The Gluten-Free Diet Craze

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No this isn’t going to be a technical post about immunoglobulins or whatever they call those things.  Not even going to mention Th1 and Th2 responses.  No antibodies, no autoimmunity, not even leaky gut.  Rather, this is about looking at the big picture when it comes to the global “wheat hunt.”  And, as always, this will be a presentation of a new way of looking at things that most people don’t take into consideration.

Diets that eliminate wheat and other grains containing gluten are without question the most popular current diet trend.  Diet trends come and go, and are usually cyclical with phases of hysteria followed by dormancy followed by hysteria followed by dormancy ad infinitum.  These cycles are probably fueled by human nature itself, which tends to flow back and forth between states of irrational optimism followed by irrational pessimism, only to find a glimmer of hope somewhere and become delusionally optimistic once more.  This seems to be even more true when it comes to highly emotional things like our appearance (weight loss) and overcoming chronic and debilitating illnesses – something that the gluten-free world offers a great deal of hope and promise for (with giant stacks of sciencey-sounding stuff, dozens of experts and gurus in unanimous agreement, and no shortage of great short-term testimonials).

Grains have some very negative attributes (phytic acid, lectins, allergenic proteins, linoleic acid, aflatoxin), but so do fruits, so do vegetables, so do dairy products, so does sugar, so do nuts, so do seeds, so does meat, so do root vegetables, so does fish, so do legumes, so do eggs, so does chocolate, so does red wine, so does green tea, so does water.  Nothing is definitively good or bad.  Almost all foods have positive AND negative attributes, and at the end of the day we all have to eat something.  Plus, consume too much of anything and it’s likely to do you harm rather than good.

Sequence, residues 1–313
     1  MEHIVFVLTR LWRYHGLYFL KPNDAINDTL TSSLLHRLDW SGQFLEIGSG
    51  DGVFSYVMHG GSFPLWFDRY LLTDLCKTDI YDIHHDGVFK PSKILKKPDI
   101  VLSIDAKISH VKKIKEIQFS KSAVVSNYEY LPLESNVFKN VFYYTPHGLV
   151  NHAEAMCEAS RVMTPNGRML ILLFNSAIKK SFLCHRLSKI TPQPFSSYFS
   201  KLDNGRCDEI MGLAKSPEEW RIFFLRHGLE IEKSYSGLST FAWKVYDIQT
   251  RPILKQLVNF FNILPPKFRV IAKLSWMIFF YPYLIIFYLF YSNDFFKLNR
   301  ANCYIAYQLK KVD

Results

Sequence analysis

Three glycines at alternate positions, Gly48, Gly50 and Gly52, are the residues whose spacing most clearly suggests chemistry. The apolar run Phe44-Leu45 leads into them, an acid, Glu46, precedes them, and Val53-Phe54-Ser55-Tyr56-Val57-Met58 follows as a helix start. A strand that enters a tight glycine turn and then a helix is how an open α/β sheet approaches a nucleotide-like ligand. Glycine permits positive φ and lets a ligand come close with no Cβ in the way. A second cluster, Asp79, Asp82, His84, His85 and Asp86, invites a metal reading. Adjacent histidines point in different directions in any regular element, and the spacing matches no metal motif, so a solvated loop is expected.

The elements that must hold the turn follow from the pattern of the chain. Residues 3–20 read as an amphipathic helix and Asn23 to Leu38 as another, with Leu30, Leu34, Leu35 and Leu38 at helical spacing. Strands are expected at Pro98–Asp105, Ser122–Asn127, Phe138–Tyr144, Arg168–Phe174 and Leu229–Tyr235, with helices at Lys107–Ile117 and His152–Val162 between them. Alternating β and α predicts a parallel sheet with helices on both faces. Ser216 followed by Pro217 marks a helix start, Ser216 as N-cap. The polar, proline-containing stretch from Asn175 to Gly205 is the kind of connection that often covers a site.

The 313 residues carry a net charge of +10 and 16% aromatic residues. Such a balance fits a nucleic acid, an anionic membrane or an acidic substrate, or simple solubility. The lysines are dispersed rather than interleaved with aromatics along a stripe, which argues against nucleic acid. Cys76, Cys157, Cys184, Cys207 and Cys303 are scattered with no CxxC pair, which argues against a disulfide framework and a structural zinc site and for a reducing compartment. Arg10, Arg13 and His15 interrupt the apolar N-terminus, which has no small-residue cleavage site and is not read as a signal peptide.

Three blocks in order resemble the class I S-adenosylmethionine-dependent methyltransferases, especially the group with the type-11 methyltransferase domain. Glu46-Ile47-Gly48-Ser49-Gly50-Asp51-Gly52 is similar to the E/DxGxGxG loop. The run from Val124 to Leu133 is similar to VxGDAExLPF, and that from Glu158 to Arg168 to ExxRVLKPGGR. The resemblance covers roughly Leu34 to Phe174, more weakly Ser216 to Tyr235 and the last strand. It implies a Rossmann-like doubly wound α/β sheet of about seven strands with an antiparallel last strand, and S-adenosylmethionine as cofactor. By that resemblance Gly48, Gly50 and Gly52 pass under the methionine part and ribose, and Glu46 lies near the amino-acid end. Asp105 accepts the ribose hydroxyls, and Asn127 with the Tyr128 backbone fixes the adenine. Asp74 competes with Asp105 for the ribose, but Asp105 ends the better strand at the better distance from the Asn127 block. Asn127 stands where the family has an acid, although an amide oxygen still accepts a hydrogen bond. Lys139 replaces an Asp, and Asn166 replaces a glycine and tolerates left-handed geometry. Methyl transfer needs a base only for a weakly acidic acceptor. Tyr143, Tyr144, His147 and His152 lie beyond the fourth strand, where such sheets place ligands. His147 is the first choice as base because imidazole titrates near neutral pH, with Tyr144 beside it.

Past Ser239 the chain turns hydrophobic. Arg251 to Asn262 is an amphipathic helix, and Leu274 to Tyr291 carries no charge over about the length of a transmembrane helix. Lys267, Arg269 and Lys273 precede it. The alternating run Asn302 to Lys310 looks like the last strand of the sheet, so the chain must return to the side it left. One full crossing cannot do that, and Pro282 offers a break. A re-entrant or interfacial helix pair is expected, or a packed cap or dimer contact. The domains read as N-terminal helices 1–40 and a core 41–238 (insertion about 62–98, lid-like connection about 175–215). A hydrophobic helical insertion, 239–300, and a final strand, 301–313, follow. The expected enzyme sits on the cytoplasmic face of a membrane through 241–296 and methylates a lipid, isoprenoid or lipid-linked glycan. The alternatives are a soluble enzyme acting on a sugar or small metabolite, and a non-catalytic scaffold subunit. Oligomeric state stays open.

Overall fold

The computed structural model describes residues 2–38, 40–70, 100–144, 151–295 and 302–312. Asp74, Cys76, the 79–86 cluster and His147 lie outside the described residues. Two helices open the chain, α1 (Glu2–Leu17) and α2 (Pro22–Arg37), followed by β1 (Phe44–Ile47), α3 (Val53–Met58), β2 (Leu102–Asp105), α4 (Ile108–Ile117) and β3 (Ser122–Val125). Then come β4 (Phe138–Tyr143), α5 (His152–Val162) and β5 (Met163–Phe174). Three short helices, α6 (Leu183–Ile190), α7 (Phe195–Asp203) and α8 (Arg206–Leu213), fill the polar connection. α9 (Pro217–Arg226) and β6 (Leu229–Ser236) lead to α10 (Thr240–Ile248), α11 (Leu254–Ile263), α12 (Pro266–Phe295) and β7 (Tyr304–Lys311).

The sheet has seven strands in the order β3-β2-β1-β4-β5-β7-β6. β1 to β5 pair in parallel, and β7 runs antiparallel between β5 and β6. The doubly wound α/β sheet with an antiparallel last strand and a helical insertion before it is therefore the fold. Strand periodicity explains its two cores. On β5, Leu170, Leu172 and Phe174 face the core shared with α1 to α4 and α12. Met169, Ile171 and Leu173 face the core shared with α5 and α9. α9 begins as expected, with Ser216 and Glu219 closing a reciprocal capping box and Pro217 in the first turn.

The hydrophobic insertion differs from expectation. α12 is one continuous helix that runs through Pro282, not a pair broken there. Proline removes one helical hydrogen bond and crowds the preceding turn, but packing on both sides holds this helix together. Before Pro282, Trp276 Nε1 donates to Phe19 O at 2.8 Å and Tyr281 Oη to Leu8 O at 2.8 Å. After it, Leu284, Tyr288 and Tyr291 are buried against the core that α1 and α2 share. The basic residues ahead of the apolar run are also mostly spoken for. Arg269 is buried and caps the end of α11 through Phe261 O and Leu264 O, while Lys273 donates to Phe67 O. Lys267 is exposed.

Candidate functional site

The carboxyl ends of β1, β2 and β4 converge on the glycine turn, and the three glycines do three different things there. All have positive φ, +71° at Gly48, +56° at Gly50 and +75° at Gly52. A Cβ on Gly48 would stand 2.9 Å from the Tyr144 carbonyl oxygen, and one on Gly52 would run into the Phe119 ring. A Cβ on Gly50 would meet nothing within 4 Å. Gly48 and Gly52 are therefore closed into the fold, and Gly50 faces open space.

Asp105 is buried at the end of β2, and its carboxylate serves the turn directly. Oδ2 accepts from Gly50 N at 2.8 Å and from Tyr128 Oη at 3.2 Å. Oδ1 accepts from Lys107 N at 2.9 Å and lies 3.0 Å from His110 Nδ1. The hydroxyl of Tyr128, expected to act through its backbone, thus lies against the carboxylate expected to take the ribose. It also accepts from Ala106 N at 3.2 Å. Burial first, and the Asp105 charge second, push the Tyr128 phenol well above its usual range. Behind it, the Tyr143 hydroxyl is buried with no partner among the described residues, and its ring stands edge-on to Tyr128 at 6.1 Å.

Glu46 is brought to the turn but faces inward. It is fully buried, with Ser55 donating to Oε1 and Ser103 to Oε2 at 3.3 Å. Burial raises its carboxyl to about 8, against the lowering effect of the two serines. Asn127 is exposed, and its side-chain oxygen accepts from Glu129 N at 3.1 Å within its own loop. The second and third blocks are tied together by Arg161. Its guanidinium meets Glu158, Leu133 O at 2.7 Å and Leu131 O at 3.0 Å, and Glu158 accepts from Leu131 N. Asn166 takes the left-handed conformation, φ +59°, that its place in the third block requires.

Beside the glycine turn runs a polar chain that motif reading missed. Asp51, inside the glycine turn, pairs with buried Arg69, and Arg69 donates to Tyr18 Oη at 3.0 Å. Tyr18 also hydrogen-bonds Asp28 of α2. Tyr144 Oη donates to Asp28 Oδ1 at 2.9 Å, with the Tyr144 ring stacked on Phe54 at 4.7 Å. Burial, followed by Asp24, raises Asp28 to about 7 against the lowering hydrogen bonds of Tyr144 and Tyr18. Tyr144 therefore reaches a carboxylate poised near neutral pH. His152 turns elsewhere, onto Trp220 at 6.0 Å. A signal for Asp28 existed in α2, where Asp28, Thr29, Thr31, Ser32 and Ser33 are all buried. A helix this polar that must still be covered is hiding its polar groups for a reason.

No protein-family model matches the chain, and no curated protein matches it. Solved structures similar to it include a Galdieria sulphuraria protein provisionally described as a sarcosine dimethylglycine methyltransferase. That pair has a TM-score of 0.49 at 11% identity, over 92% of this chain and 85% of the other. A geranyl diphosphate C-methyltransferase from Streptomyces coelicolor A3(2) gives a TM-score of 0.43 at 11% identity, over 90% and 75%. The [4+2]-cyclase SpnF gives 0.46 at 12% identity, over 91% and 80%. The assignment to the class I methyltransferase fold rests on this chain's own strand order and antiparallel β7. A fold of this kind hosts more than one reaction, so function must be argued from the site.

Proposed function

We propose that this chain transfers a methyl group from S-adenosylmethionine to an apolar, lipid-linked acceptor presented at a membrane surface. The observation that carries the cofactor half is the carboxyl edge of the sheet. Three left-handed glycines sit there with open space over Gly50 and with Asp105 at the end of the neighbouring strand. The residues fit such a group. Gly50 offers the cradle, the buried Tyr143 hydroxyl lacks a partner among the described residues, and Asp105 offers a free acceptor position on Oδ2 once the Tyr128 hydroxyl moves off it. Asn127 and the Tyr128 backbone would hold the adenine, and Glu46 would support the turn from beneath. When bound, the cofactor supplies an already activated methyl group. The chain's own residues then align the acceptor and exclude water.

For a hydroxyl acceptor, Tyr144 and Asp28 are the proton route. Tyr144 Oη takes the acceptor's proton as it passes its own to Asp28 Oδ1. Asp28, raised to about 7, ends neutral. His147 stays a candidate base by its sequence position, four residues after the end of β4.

Wheat does have some positive attributes I’ve noticed in real world practice.  It is very calorie and carbohydrate-dense and palatable with a low water content.  This makes it fantastic for recovering from a low metabolic rate (and probably why cravings for it are so high when metabolic rate is reduced via diets, overexercising, stress, etc.).  It’s impossible to raise metabolic rate with watermelon, but wheat?  It works well.  Eating pancakes with syrup and plenty of pizza and cookies is a much more expedient route to metabolic recovery than trying to strictly adhere to “Paleo” foods that exclude grains, dairy, and refined carbohydrates – the most calorie dense and palatable of all foods.

That aside, what matters most is… Reality.

Reality Bite #1 – Most people who do notice losing weight when they eliminate gluten from their diets are losing weight because they are eliminating virtually ALL of their favorite foods.  Go ask 100 people what their favorite foods are today.  90 of them will contain wheat.  Many of the remaining ones will be eaten with wheat somehow, or other gluten-containing grain.  They may feel like they are eating more because they are consuming more bites and volume of overall food with the missing calorie-density of grains.  But that doesn’t mean they are consuming more calories.  Cutting out grain makes the diet less enjoyable, triggers a spontaneous drop in calorie consumption, and a subsequent short-term and temporary loss of weight akin to any calorie-cutting method.  In most cases, the weight loss on gluten-free diets isn’t magical or due to anything involving the immune system or inflammation.  Dozens of diets could be devised to achieve the same effect, such as food-combining, veganism, carb restriction, fat restriction, low-salt diets, excessive chewing (Fletcherizing), raw foodism, no-sugar diets, liquid diets, etc. – there are endless paths to temporary and usually minor weight loss, and I don’t recommend any of them.